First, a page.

THREE SISTERS, Sport for Jove and Seymour Centre at the Reginald Theatre, 28 July-13 August 2016. Photography by Marnya Rothe: above: Lauren Richardson, Zoe Jensen, Janine Watson and Paige Gardiner; right: Paige Gardiner and Lyn Pierse
Three Sisters is, in this new translation for Sport for Jove by Karen Vickery, more than three hours of tragi-comic provincial life in czarist Russia at the turn of the 20th century. It compromises not at all in bringing the minutiae of Chekhov’s original to life and the result is deep immersion for the audience in a time and lives long gone.
Given the Russian penchant for gloom and melancholy (wild generalisation I know, but...) it’s surprising that there isn’t an equivalent word in the language for what lies at the heart of the play. It is what the Welsh know as “hiraeth” – that is, “a homesickness for a home to which one cannot return, a home which maybe never was; the nostalgia, the yearning, the grief for the lost places of the past.”
That’s it really – plain and simple. The Prozorov sisters, Olga (Janine Watson), Masha (Paige Gardiner) and Irina (Zoe Jensen), long to return to Moscow. They yearn for a life they left as children a decade before – and which therefore can no longer exist, if it ever did. Their nostalgia is for an imagined life that makes their lives in provincial Perm an agony of impossibility. Nothing can live up to the memory; they are doomed to discontent.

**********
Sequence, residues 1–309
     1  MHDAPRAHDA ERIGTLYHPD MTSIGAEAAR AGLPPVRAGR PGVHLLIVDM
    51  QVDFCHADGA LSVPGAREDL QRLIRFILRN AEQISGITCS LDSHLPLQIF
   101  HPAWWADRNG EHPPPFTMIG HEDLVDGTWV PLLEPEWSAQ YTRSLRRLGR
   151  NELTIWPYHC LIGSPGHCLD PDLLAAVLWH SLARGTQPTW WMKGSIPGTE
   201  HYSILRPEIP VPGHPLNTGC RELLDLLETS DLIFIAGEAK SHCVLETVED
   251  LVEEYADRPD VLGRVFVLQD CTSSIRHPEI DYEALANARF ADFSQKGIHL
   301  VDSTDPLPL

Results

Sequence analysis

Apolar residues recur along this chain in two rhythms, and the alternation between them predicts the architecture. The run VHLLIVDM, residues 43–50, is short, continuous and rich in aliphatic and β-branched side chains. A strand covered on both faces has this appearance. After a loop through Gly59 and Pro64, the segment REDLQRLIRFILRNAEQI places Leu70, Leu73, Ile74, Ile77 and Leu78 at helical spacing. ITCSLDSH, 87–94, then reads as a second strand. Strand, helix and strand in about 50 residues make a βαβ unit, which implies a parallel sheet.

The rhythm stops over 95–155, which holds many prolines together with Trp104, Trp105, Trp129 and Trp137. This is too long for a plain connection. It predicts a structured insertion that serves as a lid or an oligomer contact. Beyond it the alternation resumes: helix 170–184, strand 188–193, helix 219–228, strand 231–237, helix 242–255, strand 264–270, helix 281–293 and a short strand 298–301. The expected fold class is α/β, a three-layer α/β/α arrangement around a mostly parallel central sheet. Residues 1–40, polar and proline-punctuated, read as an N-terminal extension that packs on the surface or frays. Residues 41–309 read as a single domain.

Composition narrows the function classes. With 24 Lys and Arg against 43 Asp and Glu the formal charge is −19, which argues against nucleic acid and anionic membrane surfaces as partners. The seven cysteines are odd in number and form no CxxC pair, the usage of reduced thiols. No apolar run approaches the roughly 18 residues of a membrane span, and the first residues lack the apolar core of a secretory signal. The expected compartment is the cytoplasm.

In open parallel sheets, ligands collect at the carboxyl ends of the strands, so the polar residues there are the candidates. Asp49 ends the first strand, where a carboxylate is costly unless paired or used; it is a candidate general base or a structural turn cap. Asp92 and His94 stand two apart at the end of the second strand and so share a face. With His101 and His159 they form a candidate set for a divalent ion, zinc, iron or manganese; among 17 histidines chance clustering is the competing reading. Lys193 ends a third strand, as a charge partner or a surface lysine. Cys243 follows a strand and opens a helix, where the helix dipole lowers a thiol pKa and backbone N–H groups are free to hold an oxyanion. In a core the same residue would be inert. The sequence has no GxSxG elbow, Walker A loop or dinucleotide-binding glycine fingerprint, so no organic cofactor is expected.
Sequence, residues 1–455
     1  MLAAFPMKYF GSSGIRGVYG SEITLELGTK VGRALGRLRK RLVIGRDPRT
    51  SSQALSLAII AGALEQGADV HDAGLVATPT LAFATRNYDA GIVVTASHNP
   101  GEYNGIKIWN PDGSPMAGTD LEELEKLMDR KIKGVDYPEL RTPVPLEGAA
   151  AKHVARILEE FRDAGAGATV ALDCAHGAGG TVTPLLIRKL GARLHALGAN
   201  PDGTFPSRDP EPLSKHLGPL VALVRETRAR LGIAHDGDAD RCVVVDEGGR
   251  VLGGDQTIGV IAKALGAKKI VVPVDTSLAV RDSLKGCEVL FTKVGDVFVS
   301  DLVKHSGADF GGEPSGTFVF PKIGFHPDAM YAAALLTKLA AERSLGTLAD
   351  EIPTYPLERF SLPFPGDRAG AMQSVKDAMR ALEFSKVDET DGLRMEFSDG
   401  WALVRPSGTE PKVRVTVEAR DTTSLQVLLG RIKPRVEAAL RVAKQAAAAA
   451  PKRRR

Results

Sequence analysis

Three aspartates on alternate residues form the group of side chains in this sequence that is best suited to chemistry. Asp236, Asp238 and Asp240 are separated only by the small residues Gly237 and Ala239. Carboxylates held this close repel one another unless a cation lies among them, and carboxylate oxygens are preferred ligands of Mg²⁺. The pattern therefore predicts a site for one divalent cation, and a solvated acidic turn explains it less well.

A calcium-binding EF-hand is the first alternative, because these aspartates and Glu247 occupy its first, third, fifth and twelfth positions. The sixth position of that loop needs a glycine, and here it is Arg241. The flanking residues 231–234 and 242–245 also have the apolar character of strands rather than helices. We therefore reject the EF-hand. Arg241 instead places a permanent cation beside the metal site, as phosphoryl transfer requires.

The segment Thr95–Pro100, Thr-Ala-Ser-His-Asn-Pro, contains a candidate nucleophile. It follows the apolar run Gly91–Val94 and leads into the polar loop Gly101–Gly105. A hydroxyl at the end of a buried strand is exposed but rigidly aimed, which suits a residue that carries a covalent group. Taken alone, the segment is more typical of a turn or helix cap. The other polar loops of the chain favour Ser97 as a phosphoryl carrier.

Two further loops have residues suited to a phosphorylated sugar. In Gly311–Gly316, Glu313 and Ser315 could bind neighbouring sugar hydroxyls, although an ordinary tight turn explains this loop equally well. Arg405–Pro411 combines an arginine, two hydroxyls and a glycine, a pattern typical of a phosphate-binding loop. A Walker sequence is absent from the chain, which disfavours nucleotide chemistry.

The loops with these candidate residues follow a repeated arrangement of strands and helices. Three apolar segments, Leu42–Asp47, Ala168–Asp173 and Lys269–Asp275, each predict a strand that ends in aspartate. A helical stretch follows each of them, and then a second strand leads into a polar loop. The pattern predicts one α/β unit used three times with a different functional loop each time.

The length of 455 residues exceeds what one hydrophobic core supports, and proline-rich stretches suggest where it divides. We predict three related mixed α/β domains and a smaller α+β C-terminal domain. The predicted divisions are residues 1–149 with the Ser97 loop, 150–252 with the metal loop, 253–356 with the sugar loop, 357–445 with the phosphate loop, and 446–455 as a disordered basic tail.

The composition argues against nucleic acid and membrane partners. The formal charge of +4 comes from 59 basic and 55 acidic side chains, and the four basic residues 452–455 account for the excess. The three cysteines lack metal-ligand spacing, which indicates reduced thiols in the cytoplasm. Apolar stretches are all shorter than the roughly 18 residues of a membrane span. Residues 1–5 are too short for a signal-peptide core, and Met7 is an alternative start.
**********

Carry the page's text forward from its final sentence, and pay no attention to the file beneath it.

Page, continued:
The play also shines a spotlight on the gross inequalities of Russian society of that time and, without direct reference, reveals why it came to bloody grief in the revolution of 1917. In Kevin Jackson’s elegant staging the chasm between the serf class and their masters (and mistresses) is illustrated in the physical marginalisation of the peasants and unspoken separation of one from the other.
Only the ancient family retainer Anfisa (Lyn Pierse) ever occupies centre-stage – and she is finally ejected and humiliated by the vulgar Natalya (Lauren Richardson) whose marriage to the sisters’ feckless younger brother Andrey (Thomas Campbell) is the – probably temporary – apogee of her social ambitions.
Fans of Jane Austen and Pride and Prejudice in particular will enjoy and recognise the significance of the military presence in the lives of the young women of Perm. Like the Bennet girls, the Prozorov sisters live for the possibility of escape through the officers – into marriage, or flirtation or merely entertainment – and an entree by proxy at least into a more worldly life.
Foremost among the soldiery is Lt Col Vershinin (Justin Stewart-Cotta) but he’s a morose and unpromising creature, despite a passion for philosophy. This interest seems abstract, however, as he is oblivious to the dichotomy between his constant presence in the Prozorov household and affair with Masha, and frequent glum pronouncements about his wife’s suicidal tendencies. Nevertheless, comparing him with her husband, the Latin aphorism-spouting high school teacher Kuligin (Kenneth Moraleda), it’s possible to see why Masha lives in a state of permanent irritation and longing for something – anything – else.